What Constitutes Bad Faith in Mediation?

While mediation is designed to avoid some of the contentiousness generally associated with most litigation, it is not uncommon for an attorney or party who becomes frustrated with the process to respond to an adversary’s actions during the course of the day by hitting them with the ultimate angry accusation: “That’s bad faith.”

But is it? Black’s Law Dictionary defines “bad faith” as “[t]he opposite of ‘good faith.’” (Well, that’s helpful.) But it goes on to describe bad faith as “generally implying or involving actual or constructive fraud, or a design to mislead or deceive another, or a neglect or refusal to fulfill some duty or some contractual obligation, not prompted by an honest mistake as to one’s rights or duties, but by some interested or sinister motive.”

So do the various tactics about which lawyers and their clients complain during a mediation meet this standard? Let’s take a look:

1. The Zero Dollar Offer. Most mediators and plaintiffs’ counsel have been involved in at least one mandated mediation during which a defendant responds to an opening demand with an affirmative declaration that no monetary offer will be forthcoming, often accompanied by a generous proposal to refrain from seeking costs or fees should the lawsuit be promptly dismissed. While taking such a position is highly unlikely to foster a productive mediation, and will likely promptly bring negotiations to a halt, declining to pay anything in exchange for a pre-trial resolution is not bad faith, as a party has every right to fully defend against allegations asserted against it. (The analysis might change if a defendant affirmatively requested to mediate absent a court order and then offered nothing – but such chutzpah is extremely rare.)

2. The Best Day in Court Demand. On the flip side, defendants often pound the table when confronted with a proposal by a plaintiff’s lawyer that carefully calculates each and every penny of the alleged pecuniary losses, adds in the maximum recovery for other compensatory damages, predicts the amount of attorneys’ fees she will incur, and makes a demand equal to this entire amount, with no discount for early resolution, and refuses to move substantively off of such an opening. But plaintiffs also have a right not to compromise their claims, and accusations of bad faith in this scenario are similarly misplaced. Moreover, during the course of a mediation a plaintiff usually retreats from that “best day” position rather quickly, especially when the defendant indicates a willingness to compromise.

3. The Threats. On infrequent occasions, litigants and their attorneys use the confidentiality provisions of the mediation proceedings to make assertions and arguments they would not otherwise make in a public forum. For example, they will suggest that if a case is not resolved to their satisfaction during mediation, they will move to add parties or claims, counterclaims, or cross claims that might “make matters worse” for their adversaries – even if they know such claims are short of factual or legal merit. It can be a fine line between aiming for strategic leverage and acting in bad faith. It suffices to say that lawyers should avoid making affirmative misrepresentations even in a confidential proceeding where their statements are generally inadmissible.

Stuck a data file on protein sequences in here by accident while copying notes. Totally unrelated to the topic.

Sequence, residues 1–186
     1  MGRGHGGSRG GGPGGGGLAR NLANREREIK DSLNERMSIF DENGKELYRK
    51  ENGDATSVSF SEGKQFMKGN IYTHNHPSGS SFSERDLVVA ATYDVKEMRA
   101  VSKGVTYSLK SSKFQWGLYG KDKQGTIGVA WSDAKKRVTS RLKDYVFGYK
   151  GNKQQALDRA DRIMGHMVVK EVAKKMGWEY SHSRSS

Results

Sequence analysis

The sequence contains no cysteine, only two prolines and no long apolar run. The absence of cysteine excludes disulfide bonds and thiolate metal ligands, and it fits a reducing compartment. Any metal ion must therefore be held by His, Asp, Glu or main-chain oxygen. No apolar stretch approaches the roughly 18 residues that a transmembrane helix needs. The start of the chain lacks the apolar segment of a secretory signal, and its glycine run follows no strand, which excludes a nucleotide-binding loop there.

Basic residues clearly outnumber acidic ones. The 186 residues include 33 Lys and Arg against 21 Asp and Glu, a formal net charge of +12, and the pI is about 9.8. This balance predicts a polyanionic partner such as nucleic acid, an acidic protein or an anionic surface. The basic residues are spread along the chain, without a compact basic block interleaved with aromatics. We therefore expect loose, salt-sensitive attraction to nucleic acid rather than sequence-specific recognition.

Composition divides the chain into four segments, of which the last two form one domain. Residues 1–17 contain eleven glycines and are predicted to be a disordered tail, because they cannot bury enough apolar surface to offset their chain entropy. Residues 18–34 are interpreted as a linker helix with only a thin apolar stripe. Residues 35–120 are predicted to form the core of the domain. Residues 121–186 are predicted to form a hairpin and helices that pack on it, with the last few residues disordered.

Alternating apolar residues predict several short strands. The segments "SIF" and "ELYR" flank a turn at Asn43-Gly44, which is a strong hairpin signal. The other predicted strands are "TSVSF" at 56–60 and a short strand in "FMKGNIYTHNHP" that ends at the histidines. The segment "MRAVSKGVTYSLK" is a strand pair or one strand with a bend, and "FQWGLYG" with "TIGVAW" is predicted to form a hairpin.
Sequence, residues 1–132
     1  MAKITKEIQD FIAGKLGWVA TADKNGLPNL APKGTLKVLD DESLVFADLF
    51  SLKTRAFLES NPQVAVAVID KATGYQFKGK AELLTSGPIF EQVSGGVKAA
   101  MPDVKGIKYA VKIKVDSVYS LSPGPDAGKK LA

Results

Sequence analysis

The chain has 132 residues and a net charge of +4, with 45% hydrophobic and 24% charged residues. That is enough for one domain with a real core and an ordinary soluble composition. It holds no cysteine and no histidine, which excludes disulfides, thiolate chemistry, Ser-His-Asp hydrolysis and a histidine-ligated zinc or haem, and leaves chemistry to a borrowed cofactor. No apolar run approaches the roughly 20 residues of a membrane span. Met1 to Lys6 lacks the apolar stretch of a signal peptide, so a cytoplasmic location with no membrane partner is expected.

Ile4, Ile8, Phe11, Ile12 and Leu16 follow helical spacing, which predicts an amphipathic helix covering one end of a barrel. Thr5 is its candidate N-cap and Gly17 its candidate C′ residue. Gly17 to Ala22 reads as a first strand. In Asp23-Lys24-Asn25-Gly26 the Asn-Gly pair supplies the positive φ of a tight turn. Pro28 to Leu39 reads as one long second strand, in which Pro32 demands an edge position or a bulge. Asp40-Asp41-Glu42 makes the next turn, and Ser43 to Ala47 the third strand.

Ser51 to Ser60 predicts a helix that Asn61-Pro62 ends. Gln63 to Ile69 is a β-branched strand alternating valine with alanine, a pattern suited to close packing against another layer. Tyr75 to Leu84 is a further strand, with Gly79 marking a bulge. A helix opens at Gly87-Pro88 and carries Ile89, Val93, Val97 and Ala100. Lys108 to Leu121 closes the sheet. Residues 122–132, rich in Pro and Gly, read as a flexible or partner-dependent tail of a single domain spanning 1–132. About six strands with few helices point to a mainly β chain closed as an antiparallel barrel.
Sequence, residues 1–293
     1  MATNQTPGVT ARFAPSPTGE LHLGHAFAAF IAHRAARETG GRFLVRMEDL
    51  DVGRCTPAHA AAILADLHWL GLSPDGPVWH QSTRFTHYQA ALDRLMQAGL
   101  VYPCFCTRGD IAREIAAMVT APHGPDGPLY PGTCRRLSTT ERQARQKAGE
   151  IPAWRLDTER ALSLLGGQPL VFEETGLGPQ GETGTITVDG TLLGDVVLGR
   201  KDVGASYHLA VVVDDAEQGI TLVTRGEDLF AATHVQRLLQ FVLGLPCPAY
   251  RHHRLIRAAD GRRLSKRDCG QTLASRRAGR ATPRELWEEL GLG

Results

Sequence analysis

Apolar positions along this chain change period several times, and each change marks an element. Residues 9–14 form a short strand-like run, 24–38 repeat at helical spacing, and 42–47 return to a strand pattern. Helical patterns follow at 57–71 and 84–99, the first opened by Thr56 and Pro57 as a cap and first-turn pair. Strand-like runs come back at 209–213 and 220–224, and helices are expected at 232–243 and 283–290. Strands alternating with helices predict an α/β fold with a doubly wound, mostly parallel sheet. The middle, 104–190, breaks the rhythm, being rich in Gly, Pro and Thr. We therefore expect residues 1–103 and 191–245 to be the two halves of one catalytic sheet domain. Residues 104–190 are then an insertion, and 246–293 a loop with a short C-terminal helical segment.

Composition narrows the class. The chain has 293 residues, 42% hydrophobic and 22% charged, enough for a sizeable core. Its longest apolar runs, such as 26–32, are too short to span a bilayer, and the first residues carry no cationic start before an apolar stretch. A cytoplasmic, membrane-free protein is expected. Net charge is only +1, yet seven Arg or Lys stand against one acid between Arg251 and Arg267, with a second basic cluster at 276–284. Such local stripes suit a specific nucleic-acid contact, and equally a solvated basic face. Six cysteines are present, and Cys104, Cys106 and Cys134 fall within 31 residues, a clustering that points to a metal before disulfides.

4. The Absence of Authority. Perhaps the closest a party can come to bad faith in mediation is sending a representative who lacks actual power to resolve the case. This occurs more often than not on the defense side of the caption (although plaintiffs will occasionally attempt to avoid appearing and empower their counsel to negotiate on their behalf). Although mediators understand that many entities have a corporate structure that might preclude sending the “ultimate” decision maker to every mediation, most orders directing parties to mediate dictate that someone must be in attendance with “full authority” to settle. With this in mind, businesses should carefully consider providing designated representatives with a substantial degree of discretion to resolve the case within an appropriate range (i.e. “full authority”) as opposed to remotely setting a dollar amount in stone before the negotiations even begin.

Allegations of bad faith in the course of a mediation are more often than not simply rhetorical expressions of one side’s displeasure with another’s tactics. Nevertheless, parties should consider coming into every mediation not only with individuals present with full authority to settle, but with flexibility, an open mind, a willingness to listen, and a spirit of compromise to make the process efficient and effective.

Eischens + Vogel Mediation Solutions mediates many types of civil disputes, from employment to personal injury to commercial matters. For more information and to schedule a mediation, visit our website.